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Climate Protection And The National Interest

The Links Among Climate Change, Air Pollution, And Energy Security

Shows how an integrated U.S. approach to dealing with of climate change, air pollution, and energy security would be a much more efficient and economical way of solving these linked problems.

Executive Summary

The report serves as a guide to sorting out the benefits of controlling greenhouse gas emissions, not only in reducing the risks of global warming, but in cutting air pollution and enhancing national security as well.

The challenge. The report concludes that the United States is confronting three closely related threats, all from the burning of fossil fuels. Dr. MacKenzie argues that these linked problems -- climate change, air pollution, and energy security -- can be solved efficiently and economically, if tackled together. Yet, U.S. policy makers continue to pursue piecemeal approaches which may address one problem while exacerbating the others.

The United States is missing out on the economic and efficiency benefits that could be gained by treating these problematic conditions as a whole. Climate Protection and the National Interest provides the foundation for designing sensible solutions by explaining how the problems are linked and what technological paths can most readily surmount them.

The source of the problem. The report explores how fossil-fuel consumption is the common source of these three problems:

  • Nearly 90% of U.S. greenhouse gas emissions arise from the burning of fossil fuels;
  • The burning of fuels accounts for 90% of smog and acid-rain air pollution, and
  • In 1996, the U.S. imported more than 46% of its oil supply. At the same time, dependence on imported oil from the Persian Gulf has escalated. By 1996, the U.S. was importing twice as much oil from this region as it had in 1973, before the Arab oil embargo.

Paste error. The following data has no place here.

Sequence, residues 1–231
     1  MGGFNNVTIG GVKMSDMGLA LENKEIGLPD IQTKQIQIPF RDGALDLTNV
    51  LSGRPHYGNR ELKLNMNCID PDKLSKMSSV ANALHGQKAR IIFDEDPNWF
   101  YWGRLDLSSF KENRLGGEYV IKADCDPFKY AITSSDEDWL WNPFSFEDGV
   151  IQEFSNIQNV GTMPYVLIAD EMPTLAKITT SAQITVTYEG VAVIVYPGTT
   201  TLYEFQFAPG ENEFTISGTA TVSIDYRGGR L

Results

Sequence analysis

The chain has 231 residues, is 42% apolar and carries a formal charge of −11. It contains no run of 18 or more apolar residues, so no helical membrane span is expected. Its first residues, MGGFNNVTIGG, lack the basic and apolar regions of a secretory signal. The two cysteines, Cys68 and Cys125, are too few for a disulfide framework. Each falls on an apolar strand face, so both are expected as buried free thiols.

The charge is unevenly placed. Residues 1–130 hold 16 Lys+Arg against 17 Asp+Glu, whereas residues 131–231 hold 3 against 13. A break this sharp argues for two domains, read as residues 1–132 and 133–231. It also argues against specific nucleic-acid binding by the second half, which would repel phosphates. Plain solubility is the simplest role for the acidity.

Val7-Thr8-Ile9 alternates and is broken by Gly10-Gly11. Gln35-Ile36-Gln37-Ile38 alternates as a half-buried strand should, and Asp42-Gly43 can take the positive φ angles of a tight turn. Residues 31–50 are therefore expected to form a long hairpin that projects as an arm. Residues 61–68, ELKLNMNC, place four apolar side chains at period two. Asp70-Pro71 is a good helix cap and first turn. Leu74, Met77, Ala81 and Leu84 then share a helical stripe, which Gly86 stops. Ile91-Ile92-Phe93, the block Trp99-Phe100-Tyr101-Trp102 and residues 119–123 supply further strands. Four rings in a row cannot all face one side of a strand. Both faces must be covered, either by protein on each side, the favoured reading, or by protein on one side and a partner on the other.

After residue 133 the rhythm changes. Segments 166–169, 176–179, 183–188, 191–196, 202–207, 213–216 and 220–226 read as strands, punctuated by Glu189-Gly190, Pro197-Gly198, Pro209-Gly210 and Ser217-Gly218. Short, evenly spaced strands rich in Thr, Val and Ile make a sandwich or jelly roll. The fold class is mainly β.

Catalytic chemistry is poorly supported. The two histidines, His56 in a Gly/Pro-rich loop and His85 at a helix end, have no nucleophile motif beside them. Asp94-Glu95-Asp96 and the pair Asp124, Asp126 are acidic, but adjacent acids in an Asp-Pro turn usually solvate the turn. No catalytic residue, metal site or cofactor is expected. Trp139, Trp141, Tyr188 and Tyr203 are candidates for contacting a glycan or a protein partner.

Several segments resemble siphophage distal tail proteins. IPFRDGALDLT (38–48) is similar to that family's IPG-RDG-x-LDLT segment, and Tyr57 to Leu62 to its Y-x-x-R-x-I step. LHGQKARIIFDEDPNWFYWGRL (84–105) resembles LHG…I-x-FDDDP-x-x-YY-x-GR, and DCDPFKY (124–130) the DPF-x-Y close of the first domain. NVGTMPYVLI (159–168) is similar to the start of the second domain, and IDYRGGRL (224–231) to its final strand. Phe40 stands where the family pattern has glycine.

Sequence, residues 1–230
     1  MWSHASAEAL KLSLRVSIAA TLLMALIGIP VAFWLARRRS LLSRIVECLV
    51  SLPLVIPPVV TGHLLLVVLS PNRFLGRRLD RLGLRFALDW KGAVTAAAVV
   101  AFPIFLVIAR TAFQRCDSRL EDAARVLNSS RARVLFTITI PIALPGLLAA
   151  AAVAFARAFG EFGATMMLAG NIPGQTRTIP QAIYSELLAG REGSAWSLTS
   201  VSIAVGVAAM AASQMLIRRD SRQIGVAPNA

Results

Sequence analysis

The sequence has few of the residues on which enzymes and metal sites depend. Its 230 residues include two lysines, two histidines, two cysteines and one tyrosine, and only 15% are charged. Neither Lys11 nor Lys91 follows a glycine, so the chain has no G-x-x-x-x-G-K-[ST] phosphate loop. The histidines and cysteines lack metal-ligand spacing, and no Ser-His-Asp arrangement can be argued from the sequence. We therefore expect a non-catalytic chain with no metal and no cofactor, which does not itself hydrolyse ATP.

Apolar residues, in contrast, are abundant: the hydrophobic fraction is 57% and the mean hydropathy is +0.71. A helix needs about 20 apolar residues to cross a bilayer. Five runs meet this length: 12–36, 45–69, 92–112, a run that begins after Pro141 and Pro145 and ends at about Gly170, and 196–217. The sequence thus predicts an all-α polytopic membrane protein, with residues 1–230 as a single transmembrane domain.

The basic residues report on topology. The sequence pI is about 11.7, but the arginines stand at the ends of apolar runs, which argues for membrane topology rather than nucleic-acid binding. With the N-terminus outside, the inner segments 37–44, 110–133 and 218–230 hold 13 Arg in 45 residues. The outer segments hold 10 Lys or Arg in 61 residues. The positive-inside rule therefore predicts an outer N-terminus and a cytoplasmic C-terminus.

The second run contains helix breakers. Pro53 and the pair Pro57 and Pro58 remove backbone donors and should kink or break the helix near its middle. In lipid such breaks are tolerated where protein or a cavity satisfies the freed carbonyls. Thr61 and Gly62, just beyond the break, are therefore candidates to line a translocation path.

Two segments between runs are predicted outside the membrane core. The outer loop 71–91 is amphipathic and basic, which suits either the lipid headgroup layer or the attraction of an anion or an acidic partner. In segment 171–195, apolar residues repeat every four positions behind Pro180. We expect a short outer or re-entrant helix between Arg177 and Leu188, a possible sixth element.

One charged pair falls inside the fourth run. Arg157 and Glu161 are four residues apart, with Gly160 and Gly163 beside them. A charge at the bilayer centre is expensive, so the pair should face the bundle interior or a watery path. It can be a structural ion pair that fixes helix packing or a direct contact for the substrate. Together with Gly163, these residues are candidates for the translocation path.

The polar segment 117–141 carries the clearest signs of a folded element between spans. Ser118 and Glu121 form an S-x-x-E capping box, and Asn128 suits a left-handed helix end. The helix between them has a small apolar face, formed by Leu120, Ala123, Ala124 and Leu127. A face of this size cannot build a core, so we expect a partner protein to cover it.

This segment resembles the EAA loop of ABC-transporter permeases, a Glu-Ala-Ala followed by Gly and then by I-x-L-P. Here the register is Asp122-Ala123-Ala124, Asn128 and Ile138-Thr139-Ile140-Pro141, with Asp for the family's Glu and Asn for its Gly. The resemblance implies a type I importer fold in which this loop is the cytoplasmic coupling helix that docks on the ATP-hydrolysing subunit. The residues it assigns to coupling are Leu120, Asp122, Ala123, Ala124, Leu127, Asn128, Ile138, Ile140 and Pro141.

"The nation treats these issues separately, but they are really facets of the same problem -- how we supply and use energy," argues Senior Associate James MacKenzie.

Economic impact. According to the author, if government policies took these links into account, the costs of reducing greenhouse gas emissions would be reduced significantly. One estimate contends that the side benefits of climate protection measures could offset between 30 and 100 percent of climate abatement costs. For example, a strong climate policy to reduce U.S. greenhouse gas emissions would also greatly improve air quality, reducing the enormous cost of health care expenditures associated with air pollution-related illnesses. A reduction in oil consumption would substantially lower U.S. energy security risks. These findings are critical since much of today's debate over the cost of climate protection do not factor in the associated economic benefits of improved environmental, health and national security conditions.

Policy contradictions. The report provides numerous examples of policy contradictions that would reduce greenhouse emissions, including:

  • Motor vehicles are major sources of air pollution, the fastest growing source of carbon dioxide emissions, and account for about half of U.S. oil consumption. Yet the so-called alternative fuels being promoted -- e.g., ethanol and methanol -- have only marginal clean air benefits and little or no climate benefit.
  • The United States is a major part of the climate problem: with less than 5 percent of the world's population, the United States accounts for about 22 percent of global energy-related CO2 emissions. Yet, in Fiscal Year 1997, Congress appropriated $365 million for fossil fuel research and development.
  • The United States went to war in 1991 to ensure continued access, on favorable terms, to Persian Gulf oil. Yet, neither the Congress nor the Administration will support the kinds of domestic measures that would help cut U.S. oil dependence and enhance national security.

Next steps. The report concludes that the emergence of new energy technologies -- such as, solar cells, wind turbines, solar thermal collectors, electric-drive vehicles, batteries, and flywheels -- will stimulate a reduction in the burning fossil fuels and thus enhance environmental and national security.

These developments offer new, innovative opportunities for the American business community which, if taken, will signal the start of a transition toward long-term sustainability.

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